Yallourn tensions boil

Related coverage: ‘Gut-wrenching’ blow

It is only a matter of time before picket lines form at the gates of Yallourn Power Station, industry observers and union insiders have warned, predicting the likely fallout of an extraordinary operator lockout at the plant on Friday.

While station operator EnergyAustralia and the Construction Forestry Mining and Energy Union have both assured reaching an enterprise bargaining agreement is still their highest priority, numerous industry sources agree the lockout is an escalation into a “potentially damaging” impasse period, in which each side’s resolve will be “thoroughly” tested.

Friday’s events marked an interim climax to the bitter industrial dispute, culminating in the station being forced offline about 9.30am, when a high voltage switchboard fire tripped the station’s three operating generators, only 30 minutes after unions were officially emailed notification of the company’s lockout intentions.

A single unit was successfully brought back into commission Saturday afternoon, ending the unexpected day-long outage, which the Australian Energy Market Operator said had no adverse impact on the state’s power supply, while a second generator is in the process of ramping up today.

EnergyAustralia group executive manager Michael Hutchinson said while the downtime forced a 24-hour stop on all ‘coal winning’ activities, mining had recommenced by the following afternoon, and no employees had been stood down as a result of being offline.

“If we were out for a more extended period, we would have had to take extra options, but we don’t really want to get in that situation – we have a group of people here committed to get as much power generation happening as possible,” he said.

However the timing of the fire gave rapid rise to suspicions of possible sabotage, an insinuation which has been rigorously denied by the CFMEU.

Police investigators are currently looking into the cause of the fire, at the request of EnergyAustralia, a decision Mr Hutchinson said was made after reviewing data from key plant equipment.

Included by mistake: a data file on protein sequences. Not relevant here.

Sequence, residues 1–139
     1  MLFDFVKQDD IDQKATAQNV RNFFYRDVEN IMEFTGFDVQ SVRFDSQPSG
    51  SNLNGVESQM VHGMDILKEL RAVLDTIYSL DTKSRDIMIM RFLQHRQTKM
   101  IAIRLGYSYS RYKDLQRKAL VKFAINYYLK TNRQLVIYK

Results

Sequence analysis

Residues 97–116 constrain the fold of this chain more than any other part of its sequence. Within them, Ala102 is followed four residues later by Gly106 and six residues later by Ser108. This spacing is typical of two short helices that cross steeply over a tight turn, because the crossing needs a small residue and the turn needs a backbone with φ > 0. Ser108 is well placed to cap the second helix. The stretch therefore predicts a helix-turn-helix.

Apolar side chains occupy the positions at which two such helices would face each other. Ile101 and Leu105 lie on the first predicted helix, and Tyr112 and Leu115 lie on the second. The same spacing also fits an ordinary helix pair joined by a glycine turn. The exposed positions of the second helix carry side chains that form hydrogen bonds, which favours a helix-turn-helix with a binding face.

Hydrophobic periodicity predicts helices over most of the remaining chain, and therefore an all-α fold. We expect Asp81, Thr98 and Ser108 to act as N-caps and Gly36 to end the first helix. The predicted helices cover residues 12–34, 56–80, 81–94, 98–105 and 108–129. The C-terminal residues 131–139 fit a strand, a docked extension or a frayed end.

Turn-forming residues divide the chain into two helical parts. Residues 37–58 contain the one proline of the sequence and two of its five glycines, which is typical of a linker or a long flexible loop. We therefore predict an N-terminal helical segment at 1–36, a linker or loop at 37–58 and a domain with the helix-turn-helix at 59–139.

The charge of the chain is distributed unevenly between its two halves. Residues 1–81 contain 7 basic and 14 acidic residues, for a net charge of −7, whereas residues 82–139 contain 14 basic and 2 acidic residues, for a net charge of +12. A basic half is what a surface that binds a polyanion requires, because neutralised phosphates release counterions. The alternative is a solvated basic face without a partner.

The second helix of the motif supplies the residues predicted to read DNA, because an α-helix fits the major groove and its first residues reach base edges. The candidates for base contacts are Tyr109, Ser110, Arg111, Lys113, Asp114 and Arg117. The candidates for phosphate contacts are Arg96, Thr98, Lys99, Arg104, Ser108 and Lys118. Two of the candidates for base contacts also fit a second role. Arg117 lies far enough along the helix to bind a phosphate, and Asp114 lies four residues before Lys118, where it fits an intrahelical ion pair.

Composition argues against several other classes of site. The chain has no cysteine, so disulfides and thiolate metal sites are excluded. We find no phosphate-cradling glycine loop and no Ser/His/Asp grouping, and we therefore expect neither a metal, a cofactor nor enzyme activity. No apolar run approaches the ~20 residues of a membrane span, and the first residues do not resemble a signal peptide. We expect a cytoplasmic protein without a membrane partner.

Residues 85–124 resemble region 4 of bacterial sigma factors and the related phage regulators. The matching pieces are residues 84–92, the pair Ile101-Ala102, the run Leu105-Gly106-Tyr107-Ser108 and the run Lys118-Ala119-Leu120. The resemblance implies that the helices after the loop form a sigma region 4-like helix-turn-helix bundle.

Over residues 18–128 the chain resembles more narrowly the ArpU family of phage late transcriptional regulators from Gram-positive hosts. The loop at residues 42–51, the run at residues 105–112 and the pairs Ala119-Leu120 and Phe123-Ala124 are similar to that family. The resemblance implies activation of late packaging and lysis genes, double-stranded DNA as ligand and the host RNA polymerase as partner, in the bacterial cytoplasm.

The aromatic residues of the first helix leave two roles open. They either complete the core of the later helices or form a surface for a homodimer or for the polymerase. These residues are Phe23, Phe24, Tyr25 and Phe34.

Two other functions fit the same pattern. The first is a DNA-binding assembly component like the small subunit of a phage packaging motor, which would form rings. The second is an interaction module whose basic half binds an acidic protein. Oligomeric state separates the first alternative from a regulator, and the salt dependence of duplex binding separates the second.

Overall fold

“We saw something concerning enough to get the police involved,” Mr Hutchinson said.

Meanwhile, the affected 75 CFMEU operator members, who are without an income during the indefinite lockout, are due to meet and discuss their options in Moe today, the outcomes of which lead negotiator Greg Hardy would not pre-empt on behalf of the workers.

Mr Hardy described Friday’s lock out as the “lowest point” in the 10-month negotiation process, and said he would be alerting WorkSafe authorities to operator concerns surrounding the replacement team standing in during the lock out.

“The level of competency and training these managers that are ‘scabbing’ on us at the moment would never be considered adequate in normal circumstances, even by Yallourn’s standards,” Mr Hardy said.

“But when it comes to these extenuating circumstances, when they must get production back online at all costs, their perspective on what’s competent and what’s not is completely skewed.

However Mr Hutchinson defended the company’s replacement operation team, which he said had undergone risk assessments and had been competency verified.

“We have some really qualified capable people here, but we don’t have a lot of people doing it – so it is one step at a time, making sure it is done safely, taking a considered approach rather than a rushed approach,” he said.

Enterprise bargaining negotiations had recently recommenced between the parties through conciliation hearings at Fair Work Australia, however after seven full days at the commission failed to reach agreement, a second impasse was announced, paving the way for the CFMEU to commence protected generation bans Friday morning.

“We could not work out how we could realistically operate with those bans in place, so we had to make the (lock out) decision, and until we see some genuine commitment by the CFMEU to return to discussions and a withdrawal of industrial action, the lock out will remain in place,” Mr Hutchinson said.

Mr Hutchinson said he believed the replacement operators could sustain generation output for an extended lock out duration of “more than weeks”.

“But if the CFMEU decide they need to ramp up, and form pickets and close the plant down – that is absolutely not what we want to see happen here,” he said.